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Manoa 15.1 (2003) 161-164



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Six Poems

Shang Qin


Tree Mid-Tree

the at-the-eyelash tree much happiness
at mid-look, the tree in the fog
at the fog's finger a stirring earlobe
the earlobe's toothgap so the tongue sticks out
the at-the-nose bridge tree true peace & calm
at mid-sniff, the tree amid wind
at wind's skirt hem stirring short whiskers
the short whiskers at the lip so the nose sticks out
the at-the-hairline tree much radiance
at mid-weep, the tree in the rain
at the rain's foot & leg stirring cheekbones
the cheekbones at the temples so the long hair sticks out
at mid-eye there are little stars in the fog
at mid-dew, at the slight tremble
at mid-ear there's a small river in the rain
at mid-wind, at lowered tear
at mid-hand there's fog in an armbend
at mid-hair there's wind in between neck and collar
there's rain on the face
there's dew at the nose bridge
there's a stream in the valley
there's a road at the stream bank
there's a tree in the woods
there's a heart on the tree
at mid-tree at mid-tree
at mid-tree, there's a tree extreme regret [End Page 161]
tree among tree
tree amid tree
that tree mid-tree ha!

Stand Sign

This is just fucking nuts! How could they repaint the bus-stand
sign the color of a papaya? As I reach the stand, shouting, I can't keep
from thinking this. Maybe they only have circular signs like this in the
suburbs. Or maybe, in the Transit Authority, there's a poet.
After all, what comes and goes is not what you are waiting for; the one
you wait for, as usual, doesn't come. I would need only stand this
weary body of mine against the signpost to see in the dark of the eyes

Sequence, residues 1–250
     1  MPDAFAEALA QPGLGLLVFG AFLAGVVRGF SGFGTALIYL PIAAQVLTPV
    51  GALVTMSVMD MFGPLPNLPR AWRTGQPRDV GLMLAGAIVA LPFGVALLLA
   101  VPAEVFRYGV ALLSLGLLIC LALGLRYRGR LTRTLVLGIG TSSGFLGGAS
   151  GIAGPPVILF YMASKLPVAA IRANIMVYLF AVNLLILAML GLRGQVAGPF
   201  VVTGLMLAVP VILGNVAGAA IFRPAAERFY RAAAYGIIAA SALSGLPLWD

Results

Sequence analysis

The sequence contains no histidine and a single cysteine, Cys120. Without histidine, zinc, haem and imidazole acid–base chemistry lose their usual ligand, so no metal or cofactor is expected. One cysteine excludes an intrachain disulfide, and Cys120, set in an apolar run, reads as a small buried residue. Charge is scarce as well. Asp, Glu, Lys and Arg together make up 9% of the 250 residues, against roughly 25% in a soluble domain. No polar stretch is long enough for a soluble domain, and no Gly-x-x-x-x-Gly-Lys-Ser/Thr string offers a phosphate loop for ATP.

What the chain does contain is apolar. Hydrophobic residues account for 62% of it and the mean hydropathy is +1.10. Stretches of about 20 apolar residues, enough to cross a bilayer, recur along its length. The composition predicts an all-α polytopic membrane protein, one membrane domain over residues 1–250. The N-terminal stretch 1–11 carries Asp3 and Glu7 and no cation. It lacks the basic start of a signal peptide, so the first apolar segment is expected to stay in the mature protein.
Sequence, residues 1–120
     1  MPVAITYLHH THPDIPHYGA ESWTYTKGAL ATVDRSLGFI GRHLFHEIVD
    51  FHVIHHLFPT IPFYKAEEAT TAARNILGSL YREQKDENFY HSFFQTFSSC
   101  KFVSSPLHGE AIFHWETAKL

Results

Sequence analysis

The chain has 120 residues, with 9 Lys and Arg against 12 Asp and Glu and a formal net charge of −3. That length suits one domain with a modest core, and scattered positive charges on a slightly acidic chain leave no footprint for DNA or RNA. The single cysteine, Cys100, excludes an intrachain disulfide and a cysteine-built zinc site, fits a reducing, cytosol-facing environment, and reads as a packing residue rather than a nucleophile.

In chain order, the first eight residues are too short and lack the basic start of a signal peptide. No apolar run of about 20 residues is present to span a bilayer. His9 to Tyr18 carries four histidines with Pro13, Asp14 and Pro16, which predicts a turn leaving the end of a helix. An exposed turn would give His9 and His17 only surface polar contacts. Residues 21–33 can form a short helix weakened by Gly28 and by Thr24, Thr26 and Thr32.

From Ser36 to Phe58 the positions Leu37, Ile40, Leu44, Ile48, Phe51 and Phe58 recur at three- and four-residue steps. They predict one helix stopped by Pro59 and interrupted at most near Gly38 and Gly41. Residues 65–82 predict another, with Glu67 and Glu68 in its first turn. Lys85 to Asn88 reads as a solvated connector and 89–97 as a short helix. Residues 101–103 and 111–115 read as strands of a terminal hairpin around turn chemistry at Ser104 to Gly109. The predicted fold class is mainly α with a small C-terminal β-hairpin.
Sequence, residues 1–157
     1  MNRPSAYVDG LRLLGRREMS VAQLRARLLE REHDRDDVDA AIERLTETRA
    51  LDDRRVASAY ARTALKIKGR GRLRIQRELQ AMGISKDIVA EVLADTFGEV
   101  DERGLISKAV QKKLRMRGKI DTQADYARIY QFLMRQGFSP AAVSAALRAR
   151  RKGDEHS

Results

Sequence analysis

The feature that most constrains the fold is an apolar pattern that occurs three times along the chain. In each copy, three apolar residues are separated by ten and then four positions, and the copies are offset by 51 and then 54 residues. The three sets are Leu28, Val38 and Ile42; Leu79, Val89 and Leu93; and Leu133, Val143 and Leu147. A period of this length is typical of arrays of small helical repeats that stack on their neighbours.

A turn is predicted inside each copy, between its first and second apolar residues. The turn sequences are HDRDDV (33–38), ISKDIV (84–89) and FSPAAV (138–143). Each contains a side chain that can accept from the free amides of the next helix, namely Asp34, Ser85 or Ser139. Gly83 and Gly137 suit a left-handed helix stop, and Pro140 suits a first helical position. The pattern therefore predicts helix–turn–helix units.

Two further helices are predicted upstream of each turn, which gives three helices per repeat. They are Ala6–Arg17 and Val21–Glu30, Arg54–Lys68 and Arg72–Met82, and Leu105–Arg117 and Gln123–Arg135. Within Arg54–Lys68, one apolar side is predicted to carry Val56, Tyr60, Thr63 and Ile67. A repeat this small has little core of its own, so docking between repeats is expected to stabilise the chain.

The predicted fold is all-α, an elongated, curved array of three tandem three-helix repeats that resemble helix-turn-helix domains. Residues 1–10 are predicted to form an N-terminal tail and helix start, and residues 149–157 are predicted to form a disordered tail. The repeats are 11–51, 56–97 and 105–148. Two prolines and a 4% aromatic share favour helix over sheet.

a vividly empty, opalescently new vehicle roll out.
I don't know why the bus-stand sign gets lower and lower, nor why it
incrementally evaporates with my body following, unceasingly sinking
up to my back, touching the horizon line, when at last my beautiful
daughter brings me around by saying: Ba, the sun's already behind
the mountain.

Translations by Ryan T. Scott Nance

Flying Garbage

written on Earth Day, 1998

A gust rises.

First, a piece of old newspaper overturned, yesterday's news, today's history, sent to the other side of the street to be trampled on once again; then a plastic bag with pink stripes, almost transparent, floating up to the sky, brushing the high-rise of Taiwan Electricity Company along the way, people following its stumble with their eyes; now it heads south along Xindian Spring, breaking up a flock of pigeons before it enters the mountainous region of Five Streams, causing a falcon to take flight and survey in alert while avoiding in haste the clamors and sighs of humans, animals, cockroaches in the bag.

The garbage bag continues its journey toward White Cock Hill, vermilion clouds write giant characters in the western sky. [End Page 162]

Flying Tears

Empty mountain, no man in sight.

In the dense fern shrubs, an electric saw growls impudently, squirrels screech among the high branches, bats spread out their fleshy wings, the white tips of their noses tremble more violently than the quaking boughs, the dragon claws of twigs and branches, the phoenix wings of canopies of the trees, all dance frantically in fright, aslant in the howls of the electric saw. Time, one century, three centuries, one thousand years, turns into sawdust dancing in the air. Time, one millennium, two millennia, falls down with a clap of thunder. The past falls down, the future falls down.

Bright green blood flows from the broken grasses. Carrying tiny umbrellas of white down afar to sow seeds of sorrow.
Dandelions are flying tears.

Clover Bombs

A clover that had escaped the scorching sun...

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Additional Information

ISSN
1527-943x
Print ISSN
1045-7909
Pages
pp. 161-164
Launched on MUSE
2003-05-19
Open Access
No
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